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Equity market conditions have been a challenge for active fund managers to overcome this year.

Canadian active fund managers are falling flat this year when it comes to beating their benchmark for investors.

Fluctuating conditions in the equity market proved to be difficult for active managers to overcome this year, with just 39.62 per cent of actively managed Canadian equity funds outperforming the S&P/TSX Composite over a one-year period (ending June 30, 2015), according to the mid-year 2015 SPIVA Canada Scorecard released Thursday.

Even more disappointing is that number drops to nearly 23 per cent when looking over a five-year period.

Similarly, the report shows dismal results in the Canadian-focused equity category, with only 9.84 per cent outperforming the blended index, which allocates 50 per cent of its weight to the S&P/TSX Composite, 25 per cent to the S&P 500 and 25 per cent to the S&P EPAC LargeMidCap.

The SPIVA Canada Scorecard is an annual report that compares the performance of actively managed Canadian mutual funds with S&P Dow Jones Indices in their respective categories over one-, three- and five-year periods.

Looking beyond the Canadian border doesn't get better, as only 37.84 per cent of international equity managers beat the S&P EPAC LargeMidCap over the past 12 months ending June 30, and 17.54 per cent of global equity managers had higher returns than the benchmark during the same period. Over the five-year period, numbers for managers outperforming benchmarks dropped considerably to 4.44 per cent for active international equity funds. At the same time, 4.20 per cent for active global equity funds and 3.16 per cent for active U.S. equity funds have outpaced the S&P Developed LargeMidCap and the S&P 500, respectively.

"Investors need to be looking at the longer-term numbers of active management – say five to seven years – to see a true indication of what is really happening," said Adrian Mastracci, a portfolio manager with KCM Wealth Management Inc. in Vancouver who advises clients not to exclude any sectors while investing and to look at the broader market for investment opportunities.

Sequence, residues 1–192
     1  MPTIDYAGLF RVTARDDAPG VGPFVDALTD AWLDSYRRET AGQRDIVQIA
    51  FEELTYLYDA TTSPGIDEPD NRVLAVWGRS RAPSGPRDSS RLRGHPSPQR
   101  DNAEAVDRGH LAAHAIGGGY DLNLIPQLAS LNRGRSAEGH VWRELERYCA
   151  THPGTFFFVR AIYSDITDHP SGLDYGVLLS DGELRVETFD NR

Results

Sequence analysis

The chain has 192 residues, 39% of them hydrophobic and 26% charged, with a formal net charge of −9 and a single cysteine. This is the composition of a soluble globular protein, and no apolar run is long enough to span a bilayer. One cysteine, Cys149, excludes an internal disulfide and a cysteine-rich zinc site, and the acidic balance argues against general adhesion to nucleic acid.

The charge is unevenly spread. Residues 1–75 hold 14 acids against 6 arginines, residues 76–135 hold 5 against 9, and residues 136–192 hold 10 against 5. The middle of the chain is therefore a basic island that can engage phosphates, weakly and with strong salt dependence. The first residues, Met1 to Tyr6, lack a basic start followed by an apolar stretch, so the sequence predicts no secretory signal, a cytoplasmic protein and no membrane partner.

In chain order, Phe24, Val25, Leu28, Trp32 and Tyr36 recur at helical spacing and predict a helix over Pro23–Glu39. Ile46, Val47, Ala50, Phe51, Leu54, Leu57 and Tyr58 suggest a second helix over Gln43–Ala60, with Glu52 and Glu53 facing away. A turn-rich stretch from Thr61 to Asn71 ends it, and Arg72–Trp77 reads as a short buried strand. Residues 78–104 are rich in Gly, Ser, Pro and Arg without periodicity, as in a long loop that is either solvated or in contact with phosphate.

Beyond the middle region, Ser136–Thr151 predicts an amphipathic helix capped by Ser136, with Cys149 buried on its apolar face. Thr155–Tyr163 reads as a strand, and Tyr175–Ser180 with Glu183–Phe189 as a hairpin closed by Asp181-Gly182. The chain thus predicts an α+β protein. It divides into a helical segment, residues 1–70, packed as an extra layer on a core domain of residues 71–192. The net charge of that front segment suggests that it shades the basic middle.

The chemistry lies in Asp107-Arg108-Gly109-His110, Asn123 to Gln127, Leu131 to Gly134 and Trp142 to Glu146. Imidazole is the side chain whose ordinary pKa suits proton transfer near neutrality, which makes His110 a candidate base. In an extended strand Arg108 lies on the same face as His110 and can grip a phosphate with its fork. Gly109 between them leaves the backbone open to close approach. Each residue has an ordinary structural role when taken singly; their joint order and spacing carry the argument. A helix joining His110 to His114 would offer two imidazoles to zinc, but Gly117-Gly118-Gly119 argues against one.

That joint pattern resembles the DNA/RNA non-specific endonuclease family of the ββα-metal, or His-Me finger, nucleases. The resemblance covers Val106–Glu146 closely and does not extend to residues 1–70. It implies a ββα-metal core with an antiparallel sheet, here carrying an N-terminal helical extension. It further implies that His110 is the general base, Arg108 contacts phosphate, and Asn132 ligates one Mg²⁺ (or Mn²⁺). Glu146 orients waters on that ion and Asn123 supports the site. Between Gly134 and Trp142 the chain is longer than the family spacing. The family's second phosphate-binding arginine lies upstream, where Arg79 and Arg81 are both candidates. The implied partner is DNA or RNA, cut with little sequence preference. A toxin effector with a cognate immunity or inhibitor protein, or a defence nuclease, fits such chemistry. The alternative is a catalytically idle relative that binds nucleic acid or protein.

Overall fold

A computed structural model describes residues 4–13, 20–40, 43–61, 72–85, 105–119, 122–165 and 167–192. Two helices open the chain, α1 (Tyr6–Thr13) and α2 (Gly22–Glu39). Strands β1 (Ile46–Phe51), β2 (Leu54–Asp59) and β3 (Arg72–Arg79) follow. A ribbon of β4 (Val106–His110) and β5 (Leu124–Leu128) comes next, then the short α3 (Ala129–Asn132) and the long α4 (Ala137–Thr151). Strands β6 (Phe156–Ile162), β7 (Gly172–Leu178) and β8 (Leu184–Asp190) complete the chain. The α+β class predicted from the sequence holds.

"Chances of a manager being consistent are extremely difficult and an investor has no control over what that manager's decisions will be."

The outcome is much more favourable for active managers when looking at the Canadian Small/Mid-Cap equity category – with more than 72 per cent outperforming the the S&P/TSX Completion when looking at the one-year data and almost 43 per cent over a five-year period.

Regardless of the fund category, the debate between active versus passive indexes is one that has been going on for decades in the financial community.

Dan Hallett, principal with Oakville, Ont.-based HighView Financial Group, which includes active managers in clients' investment portfolios, said a strong majority of active managers have outperformed indexes over time before deducting fees and expenses.

"Money managers are generally skilled and have outperformed before deducting fees and expenses. But most fail to match benchmarks net of retail mutual fund costs. There is a lot of skill to be had but that there is a limit to what it's worth," Mr. Hallett said.

"And while fast-forwarding to the cheapest stock funds won't guarantee success, investors need to be aware of what investments cost and what competing options are available that meet their needs. Being cost-conscious is important and is critical to making sure fees incurred are reasonable."

Investors and advisers should not be debating "active versus passive," said Darren Coleman, senior vice-president and portfolio manager with Raymond James Ltd., but rather "when to use passive" and "when to use active" in terms of portfolio construction.

"Great portfolios intelligently and thoughtfully blend both," said Mr. Coleman, who manages $115-million in assets under management. "Active strategies work best when they focus on a particular market or strategy and in less-efficient markets, while passive strategies work well in highly efficient markets."